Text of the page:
Mass transport reforms
Never let a good crisis go to waste. The origin of this quote is still in dispute, but it underpins proposals for reform opportunities as the country continues to reel from the impact of the coronavirus disease 2019 pandemic.
Among the hardest hit are mass transport drivers and operators. With the gradual reopening of the economy particularly in crowded Metro Manila, many of those who are glad to be able to return to work are dismayed that they can’t get to their workplace for lack of mass transport.
A coalition of commuter welfare advocates, economists and barangay personnel, called Move As One, believes that amid the woes of workers in the mass transport sector, the pandemic offers an opportunity for implementing long overdue reforms.
The main objective is to improve mass transport facilities sufficiently to persuade people to commute rather than use private vehicles. This entails making public transport services efficient, comfortable and – a key concern in this pandemic – hygienic and safe.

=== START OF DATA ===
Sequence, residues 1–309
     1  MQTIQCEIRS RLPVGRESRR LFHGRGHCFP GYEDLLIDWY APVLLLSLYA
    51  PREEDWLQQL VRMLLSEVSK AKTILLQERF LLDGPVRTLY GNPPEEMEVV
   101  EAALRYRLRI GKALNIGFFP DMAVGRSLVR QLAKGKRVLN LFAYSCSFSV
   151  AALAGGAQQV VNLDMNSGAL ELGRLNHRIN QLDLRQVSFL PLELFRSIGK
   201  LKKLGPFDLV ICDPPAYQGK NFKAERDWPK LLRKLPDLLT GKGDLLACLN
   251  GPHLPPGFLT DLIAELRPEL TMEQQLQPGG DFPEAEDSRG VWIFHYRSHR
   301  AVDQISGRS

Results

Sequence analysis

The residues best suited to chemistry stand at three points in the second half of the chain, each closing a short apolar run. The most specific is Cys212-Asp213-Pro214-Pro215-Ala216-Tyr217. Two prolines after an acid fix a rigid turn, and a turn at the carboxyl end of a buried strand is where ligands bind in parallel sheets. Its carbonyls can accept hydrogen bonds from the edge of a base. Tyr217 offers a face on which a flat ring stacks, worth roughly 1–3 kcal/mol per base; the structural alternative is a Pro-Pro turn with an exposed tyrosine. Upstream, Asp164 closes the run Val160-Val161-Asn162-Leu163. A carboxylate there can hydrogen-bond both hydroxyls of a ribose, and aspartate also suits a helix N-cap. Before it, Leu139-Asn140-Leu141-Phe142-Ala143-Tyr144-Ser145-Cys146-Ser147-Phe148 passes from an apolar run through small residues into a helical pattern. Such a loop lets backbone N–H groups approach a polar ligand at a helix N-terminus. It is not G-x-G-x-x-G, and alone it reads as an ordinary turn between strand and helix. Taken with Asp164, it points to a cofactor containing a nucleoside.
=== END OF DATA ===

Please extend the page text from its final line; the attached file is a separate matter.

Private car owners are shunning public transport services due to concerns about coronavirus infection, and physical distancing requirements will cut earnings in public transport units. There is greater urgency for reforms in mass transport.
Efficient deployment of buses and jeepneys can help operators survive. Intermodal transport hubs need a stronger and more efficient push. It’s time to fully implement fixed wages for drivers of public utility vehicles. This measure aims to end the system wherein a driver’s daily earnings depend on the number of passengers. Operators, however, found a loophole and gave drivers a bonus based on the number of passengers picked up.
Amid the pandemic, people are discovering the usefulness of bicycles. Cycling advocates are hoping that this will pave the way for the creation of dedicated bicycle lanes and installation of infrastructure such as cycling stations where bikes can be parked safely even in private establishments. Greater use of bicycles can contribute to better air quality and boost health through exercise.
This can be complemented by the development of wider sidewalks for pedestrian welfare as well as green areas in urban centers. The pandemic has opened up opportunities for reforms. For the public transport sector, this could boil down to just two choices: reform or perish.